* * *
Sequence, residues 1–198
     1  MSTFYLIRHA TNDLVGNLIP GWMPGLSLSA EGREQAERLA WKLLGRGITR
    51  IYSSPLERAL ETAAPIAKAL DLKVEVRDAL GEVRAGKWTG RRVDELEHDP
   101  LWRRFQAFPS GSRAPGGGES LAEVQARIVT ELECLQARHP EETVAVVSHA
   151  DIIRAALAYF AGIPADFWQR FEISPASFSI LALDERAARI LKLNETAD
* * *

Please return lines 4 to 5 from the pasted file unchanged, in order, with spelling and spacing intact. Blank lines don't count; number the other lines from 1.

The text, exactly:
   101  LWRRFQAFPS GSRAPGGGES LAEVQARIVT ELECLQARHP EETVAVVSHA
   151  DIIRAALAYF AGIPADFWQR FEISPASFSI LALDERAARI LKLNETAD